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I terminated my pregnancy – and this is why I’ve stayed silent about the New York abortion bill

Like everyone else across the country, I have watched the drama unfold and the debates rage since New York State announced its Reproductive Health Act last month.

I’ve seen stories of those who have had to endure the life-changing decision of terminating a wanted pregnancy. Although I applaud their willingness to share, I don’t need to read them, because I know the story well.

Last week marks six years since my husband and I said goodbye to our daughter, our first child who was deeply loved and wanted. Because of chromosomal abnormalities that left her with several organ deficiencies, including missing a piece of her heart, we were told that should she survive birth, her quality of life would be extremely poor. Not wanting her to suffer, we terminated at just past 20 weeks into my pregnancy.

I’ve spent the time since telling my story over and over again, hoping to help those who, like me, felt alone. It seems logical then to share my opinion about it (and incase it isn’t clear, I wholly support this type of legislation) and to add my voice to all of the others.

But this is the first time I’m sharing publicly on this topic, and the reason I haven’t jumped into the discussion is simple:

It hurts.

It hurts to think about the child I lost. It hurts to think about the decision we made, not because I regret it (I don’t) but because it was the hardest thing I’ve ever done.

It’s been a surreal experience watching this unfold, watching people argue back and forth most of whom have no experience with a late-term loss. Part of me wants to jump into the middle of it and just scream.

A big part of me, though, just wants to retreat.

I started writing this post last week and then stopped. I couldn’t finish it because I couldn’t manage to form my rambling thoughts into something cohesive. I’ve been thinking about it for days, trying to figure out what exactly I want to say and to make sense of the snippets of notes I’ve jotted down.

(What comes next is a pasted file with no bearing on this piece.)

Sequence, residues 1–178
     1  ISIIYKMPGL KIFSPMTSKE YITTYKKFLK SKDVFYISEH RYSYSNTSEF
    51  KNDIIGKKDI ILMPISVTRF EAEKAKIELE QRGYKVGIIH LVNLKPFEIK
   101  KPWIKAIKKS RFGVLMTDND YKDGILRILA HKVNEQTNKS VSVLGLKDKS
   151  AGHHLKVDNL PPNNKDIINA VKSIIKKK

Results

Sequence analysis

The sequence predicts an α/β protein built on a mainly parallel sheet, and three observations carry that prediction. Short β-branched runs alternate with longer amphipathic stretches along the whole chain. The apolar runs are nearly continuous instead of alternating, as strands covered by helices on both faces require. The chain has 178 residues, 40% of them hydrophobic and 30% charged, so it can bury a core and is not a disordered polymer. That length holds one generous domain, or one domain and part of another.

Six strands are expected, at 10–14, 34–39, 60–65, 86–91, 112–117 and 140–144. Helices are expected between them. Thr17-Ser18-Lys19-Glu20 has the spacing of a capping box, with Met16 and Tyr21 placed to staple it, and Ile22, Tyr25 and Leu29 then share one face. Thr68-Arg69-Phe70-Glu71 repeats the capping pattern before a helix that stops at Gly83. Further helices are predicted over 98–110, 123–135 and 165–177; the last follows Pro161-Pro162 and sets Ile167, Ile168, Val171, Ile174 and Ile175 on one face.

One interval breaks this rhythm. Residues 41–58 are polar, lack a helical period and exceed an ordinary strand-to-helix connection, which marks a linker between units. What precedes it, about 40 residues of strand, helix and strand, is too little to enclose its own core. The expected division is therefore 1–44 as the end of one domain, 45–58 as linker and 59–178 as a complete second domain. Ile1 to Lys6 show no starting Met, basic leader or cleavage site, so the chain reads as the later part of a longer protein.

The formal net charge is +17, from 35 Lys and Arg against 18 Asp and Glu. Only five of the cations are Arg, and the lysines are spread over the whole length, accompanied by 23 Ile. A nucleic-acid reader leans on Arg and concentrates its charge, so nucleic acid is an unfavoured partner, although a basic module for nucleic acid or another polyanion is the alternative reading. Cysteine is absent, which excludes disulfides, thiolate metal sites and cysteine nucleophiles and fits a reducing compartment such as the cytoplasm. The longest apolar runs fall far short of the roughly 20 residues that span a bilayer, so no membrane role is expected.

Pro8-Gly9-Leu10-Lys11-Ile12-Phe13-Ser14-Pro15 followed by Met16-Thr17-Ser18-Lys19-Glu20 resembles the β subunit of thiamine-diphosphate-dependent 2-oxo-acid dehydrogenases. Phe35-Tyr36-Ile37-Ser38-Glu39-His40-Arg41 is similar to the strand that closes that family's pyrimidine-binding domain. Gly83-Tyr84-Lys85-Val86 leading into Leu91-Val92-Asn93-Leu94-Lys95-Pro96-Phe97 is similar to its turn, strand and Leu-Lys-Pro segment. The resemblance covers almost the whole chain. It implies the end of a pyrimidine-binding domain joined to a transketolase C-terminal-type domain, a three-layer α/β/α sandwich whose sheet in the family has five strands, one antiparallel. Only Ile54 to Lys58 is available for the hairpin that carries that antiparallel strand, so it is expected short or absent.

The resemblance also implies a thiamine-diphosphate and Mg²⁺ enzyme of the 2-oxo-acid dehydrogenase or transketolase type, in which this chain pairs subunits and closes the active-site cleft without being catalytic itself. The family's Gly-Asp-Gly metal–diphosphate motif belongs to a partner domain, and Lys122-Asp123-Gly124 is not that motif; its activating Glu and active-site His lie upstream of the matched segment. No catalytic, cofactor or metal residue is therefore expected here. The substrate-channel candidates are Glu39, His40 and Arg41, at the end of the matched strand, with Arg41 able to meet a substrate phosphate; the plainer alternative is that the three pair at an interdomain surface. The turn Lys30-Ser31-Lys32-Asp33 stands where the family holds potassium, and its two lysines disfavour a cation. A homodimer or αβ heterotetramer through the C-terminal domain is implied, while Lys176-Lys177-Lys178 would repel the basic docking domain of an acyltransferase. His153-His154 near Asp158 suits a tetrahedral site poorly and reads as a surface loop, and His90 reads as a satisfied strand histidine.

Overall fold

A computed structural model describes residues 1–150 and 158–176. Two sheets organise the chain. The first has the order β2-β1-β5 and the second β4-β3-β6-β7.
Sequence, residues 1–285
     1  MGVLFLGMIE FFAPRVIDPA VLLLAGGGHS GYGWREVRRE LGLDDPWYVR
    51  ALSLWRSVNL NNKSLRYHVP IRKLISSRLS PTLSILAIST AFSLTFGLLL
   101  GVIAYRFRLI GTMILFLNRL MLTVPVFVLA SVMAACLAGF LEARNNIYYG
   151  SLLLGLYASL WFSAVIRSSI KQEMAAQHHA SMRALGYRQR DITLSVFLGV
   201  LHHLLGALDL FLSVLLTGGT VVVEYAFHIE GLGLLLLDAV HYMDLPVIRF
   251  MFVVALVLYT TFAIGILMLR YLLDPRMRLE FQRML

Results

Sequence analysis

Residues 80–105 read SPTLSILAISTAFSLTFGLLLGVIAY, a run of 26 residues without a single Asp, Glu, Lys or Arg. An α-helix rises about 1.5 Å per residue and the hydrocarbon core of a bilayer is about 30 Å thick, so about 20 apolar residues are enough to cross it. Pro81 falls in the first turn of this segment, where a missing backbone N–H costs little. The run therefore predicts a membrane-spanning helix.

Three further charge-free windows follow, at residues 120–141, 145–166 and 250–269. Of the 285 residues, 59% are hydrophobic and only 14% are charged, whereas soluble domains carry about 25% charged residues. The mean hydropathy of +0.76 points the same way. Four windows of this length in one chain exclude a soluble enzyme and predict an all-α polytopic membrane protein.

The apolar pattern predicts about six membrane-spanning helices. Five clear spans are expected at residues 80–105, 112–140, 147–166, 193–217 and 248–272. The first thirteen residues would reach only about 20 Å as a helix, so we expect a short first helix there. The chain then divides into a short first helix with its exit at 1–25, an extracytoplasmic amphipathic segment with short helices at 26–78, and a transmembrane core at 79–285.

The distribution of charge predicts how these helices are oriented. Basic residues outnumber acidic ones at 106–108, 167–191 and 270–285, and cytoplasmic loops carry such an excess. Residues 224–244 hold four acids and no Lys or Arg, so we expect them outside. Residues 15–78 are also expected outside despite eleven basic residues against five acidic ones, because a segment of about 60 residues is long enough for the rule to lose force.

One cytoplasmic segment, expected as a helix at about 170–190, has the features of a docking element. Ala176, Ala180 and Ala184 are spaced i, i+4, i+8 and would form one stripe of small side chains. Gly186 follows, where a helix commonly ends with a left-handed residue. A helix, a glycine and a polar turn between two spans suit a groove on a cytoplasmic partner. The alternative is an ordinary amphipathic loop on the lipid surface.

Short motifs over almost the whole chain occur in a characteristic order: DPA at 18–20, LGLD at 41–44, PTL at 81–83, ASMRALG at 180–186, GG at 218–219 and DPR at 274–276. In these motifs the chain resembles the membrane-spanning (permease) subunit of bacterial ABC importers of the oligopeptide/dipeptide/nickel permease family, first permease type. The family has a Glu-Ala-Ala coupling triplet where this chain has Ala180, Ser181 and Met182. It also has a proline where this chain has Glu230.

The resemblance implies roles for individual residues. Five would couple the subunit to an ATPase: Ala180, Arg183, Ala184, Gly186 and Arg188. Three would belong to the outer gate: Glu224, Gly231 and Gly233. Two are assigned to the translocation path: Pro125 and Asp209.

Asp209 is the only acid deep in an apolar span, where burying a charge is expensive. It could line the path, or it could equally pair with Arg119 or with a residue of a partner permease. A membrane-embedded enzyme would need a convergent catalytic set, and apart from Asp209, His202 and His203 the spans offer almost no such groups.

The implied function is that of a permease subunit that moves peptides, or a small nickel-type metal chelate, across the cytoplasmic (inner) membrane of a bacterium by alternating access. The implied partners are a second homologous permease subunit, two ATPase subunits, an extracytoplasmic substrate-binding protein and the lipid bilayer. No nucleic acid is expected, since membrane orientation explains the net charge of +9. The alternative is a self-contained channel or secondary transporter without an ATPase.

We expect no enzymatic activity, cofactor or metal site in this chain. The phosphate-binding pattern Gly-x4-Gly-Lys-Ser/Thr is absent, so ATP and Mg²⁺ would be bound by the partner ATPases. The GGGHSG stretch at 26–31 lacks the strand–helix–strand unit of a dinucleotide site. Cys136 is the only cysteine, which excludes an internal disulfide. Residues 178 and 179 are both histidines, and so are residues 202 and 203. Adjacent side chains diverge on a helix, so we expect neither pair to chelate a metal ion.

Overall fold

In thinking about this for the last week and a half, I’ve alternated between sadness and anger. Sad that reproductive rights are even a debate. Angry that people feel they can judge others’ decisions. And then I realized that the greatest problem I have with any of this might be the attempt to strip away the emotion and treat a termination as a black and white decision.

A word I’ve seen used a lot in these discussions is choice. But let’s be real: no one – I repeat, no one – chooses to be in a position where they must decide if their child lives or dies.

I was in such a state of grief and shock that my memories of those few months before and after my loss are a blur. I not only lost a child, but I also lost my faith. I almost lost my marriage. I lost any sense of fairness. I certainly lost hope.

No one chooses these things.

At that point, it’s not about choice – it’s about survival. And sometimes, even years later, it still is. In those moments, it’s sometimes just best to take a big step back from the commotion, clear your head, and be at peace.